Archive for August, 2007

Friday Funday CLXII

Friday Funday brings you some fun and interesting links from my travels around the internet. Funday links will open in a new window.

The Inappropriate Yoga Guy []

“Ogden creates awkward situations in yoga studios throughout the San Fernando Valley. Dont worry folks he is in the teacher training program.”

That Special Monkey []

This clever little animation won a student academy award. Via Open Mind

Oshiri kajiri mushi []

Apparantly, the butt biting bug song is huge in Japan. For some reason, I’m not at all surprised.

The 12 Master Formats of TV Advertising []

Perhaps this is only interesting to people in the industry, but this video explains the twelve formats of advertising, into which all TV ads fit.

Feed the Head []

I previously featured Feed the Head in Friday Funday CXLIII. I’m featuring it again because it has been updated to be even more surreal.


Thanks to Nicole for pointing this out to me.

So here’s the deal: Today is BlogDay. The idea is to link to five interesting blogs so that readers can be exposed to other cool blogs.

  1. LG reminds me a lot of my friend AJ. If only a lolatini were a real drink. Hey LG, we have some mixology to get to work on.
  2. The Appreciator is the blog of Jami Dwyer. Her taste in music is bested only by her taste in wine.
  3. Don’t look now, but Meg is Quietly Judging You. She probably drinks too much, but she’s unnecessarily descriptive about her personal life, and that always makes for an entertaining blog.
  4. mcCutcheon has Squishy Thoughts about life, love, and language. Plus, she lives in Vienna. How cool is that?
  5. Nicole’s Blush Response proves she’s not a replicant. Although it would be pretty awesome if she were.

Ads on ALLO

After six years, it’s finally happened. I’ve added advertising to my website.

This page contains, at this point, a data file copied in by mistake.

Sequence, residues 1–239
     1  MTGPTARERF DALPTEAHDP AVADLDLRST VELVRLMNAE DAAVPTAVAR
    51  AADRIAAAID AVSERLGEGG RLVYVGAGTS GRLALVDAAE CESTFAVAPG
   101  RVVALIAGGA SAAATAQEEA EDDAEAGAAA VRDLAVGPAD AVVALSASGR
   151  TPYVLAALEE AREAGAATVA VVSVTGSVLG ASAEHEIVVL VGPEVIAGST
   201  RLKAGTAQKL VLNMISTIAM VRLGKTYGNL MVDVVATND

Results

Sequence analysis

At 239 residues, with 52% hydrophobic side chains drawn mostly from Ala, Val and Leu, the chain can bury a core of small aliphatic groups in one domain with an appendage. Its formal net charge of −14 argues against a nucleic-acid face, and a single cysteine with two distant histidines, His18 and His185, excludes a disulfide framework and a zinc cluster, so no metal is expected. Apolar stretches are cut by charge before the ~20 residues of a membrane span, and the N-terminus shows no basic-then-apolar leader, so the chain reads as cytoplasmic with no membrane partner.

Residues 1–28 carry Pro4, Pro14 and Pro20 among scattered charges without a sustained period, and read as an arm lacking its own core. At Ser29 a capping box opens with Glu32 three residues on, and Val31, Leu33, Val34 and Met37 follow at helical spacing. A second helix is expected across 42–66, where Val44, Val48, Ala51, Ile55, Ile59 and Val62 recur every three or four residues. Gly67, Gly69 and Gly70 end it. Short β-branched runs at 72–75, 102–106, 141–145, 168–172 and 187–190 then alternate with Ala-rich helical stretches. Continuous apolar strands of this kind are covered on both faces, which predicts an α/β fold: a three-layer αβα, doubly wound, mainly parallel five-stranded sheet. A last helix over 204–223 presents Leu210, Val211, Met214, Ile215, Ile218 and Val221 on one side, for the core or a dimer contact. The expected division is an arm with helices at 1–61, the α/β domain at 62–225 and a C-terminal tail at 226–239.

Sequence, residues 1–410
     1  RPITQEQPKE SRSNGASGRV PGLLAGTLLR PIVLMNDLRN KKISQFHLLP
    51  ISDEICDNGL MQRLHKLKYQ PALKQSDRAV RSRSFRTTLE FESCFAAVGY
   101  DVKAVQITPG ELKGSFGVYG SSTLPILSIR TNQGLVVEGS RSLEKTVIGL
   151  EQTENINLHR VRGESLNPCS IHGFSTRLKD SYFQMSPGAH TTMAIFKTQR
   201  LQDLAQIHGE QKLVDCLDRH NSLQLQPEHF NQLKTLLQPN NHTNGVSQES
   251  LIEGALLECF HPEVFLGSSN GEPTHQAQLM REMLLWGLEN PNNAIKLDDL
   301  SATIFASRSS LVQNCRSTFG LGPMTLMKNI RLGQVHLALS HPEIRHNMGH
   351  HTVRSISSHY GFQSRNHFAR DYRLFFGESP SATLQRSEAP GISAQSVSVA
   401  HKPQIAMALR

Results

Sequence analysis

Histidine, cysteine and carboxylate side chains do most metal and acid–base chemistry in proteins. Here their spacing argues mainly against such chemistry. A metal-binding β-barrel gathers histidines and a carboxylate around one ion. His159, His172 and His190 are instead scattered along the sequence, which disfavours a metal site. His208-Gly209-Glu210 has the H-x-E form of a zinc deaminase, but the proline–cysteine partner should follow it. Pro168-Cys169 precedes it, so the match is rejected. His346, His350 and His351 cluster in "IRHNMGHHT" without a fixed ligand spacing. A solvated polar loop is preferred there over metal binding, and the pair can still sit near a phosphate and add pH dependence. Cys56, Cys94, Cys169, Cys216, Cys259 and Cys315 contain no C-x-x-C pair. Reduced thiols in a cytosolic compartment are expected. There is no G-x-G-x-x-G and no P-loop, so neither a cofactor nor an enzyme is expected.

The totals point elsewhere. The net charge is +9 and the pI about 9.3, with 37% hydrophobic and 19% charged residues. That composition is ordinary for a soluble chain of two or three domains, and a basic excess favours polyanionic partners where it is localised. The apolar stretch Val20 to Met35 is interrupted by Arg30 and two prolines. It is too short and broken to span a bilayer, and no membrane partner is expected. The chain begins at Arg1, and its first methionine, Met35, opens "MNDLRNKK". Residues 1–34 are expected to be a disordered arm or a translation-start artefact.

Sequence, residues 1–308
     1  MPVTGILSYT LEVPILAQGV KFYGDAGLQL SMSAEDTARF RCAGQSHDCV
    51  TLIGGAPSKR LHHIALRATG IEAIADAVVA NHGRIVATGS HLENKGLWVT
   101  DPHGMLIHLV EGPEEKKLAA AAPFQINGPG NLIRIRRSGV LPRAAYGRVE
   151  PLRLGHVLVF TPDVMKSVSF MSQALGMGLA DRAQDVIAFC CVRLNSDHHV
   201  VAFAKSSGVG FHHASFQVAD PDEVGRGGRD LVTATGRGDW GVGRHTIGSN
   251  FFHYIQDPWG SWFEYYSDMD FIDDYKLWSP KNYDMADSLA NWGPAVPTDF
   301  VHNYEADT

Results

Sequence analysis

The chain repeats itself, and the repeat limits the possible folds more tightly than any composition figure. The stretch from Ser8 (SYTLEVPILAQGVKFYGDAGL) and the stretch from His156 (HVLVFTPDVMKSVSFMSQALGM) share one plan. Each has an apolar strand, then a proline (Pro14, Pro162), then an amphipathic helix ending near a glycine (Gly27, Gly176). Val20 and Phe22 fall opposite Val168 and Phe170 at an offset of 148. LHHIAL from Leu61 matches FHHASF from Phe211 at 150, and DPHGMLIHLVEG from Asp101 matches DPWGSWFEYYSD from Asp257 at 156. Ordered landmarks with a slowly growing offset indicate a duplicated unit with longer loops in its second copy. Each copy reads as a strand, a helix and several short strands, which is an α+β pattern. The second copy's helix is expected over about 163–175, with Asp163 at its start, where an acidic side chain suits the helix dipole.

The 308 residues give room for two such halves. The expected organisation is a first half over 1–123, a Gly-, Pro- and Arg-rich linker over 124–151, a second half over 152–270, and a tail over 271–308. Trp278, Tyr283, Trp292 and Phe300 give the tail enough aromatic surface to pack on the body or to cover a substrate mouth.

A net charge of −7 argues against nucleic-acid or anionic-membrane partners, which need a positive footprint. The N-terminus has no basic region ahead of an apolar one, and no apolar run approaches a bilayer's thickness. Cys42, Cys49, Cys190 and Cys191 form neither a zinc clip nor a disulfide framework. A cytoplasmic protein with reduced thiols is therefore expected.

For a long time, and for various reasons, I was strongly opposed to having ads on my site. However my hobby has been an expensive one, and I’d like it to start paying me back.

There are many professional bloggers, and the freedom of that lifestyle is quite enticing. Coupled with the fact that writing has always been enjoyable for me, the decision to start trying to earn income through my blog was an easy one. The question then became, how do I add advertising to my site in a tasteful, effective way?

Google Ads were an obvious choice. They’ve become ubiquitous on the internet and tend to get included in any online advertising campaign. The rules of having them on my site prohibit me from asking you to click on the ads, but if you do, I certainly won’t be upset (quite the opposite, actually).

The Amazon PayPage was another easy choice, because it’s easy to implement, allows users to donate as much as they want, and ensures the safety of each user’s credit information. I also like the idea that, if you pay me, I become your psuedo-employee and will write about (pretty much) anything you want.

After a small redesign to incorporate the ads, I realized that I needed to blog more. Some of you may have noticed an increase in the number &mdash and length &mdash of blog entries. Hopefully, more posts will translate into increased traffic; both in repeat visits and new readers.

In the future, I’ll be adding a graphical ad with a special ad management system that will allow you to upload your ad and schedule flights. I just have to figure out how to make the cool, but complicated, idea in my head actually work.

I’m interested in getting feedback about the site, so comment and tell me what you think. Since this site is nothing without the users, I’ll take what you say to heart. What do you think about the ads? Have the blog posts been interesting? Would you recommend my site to others?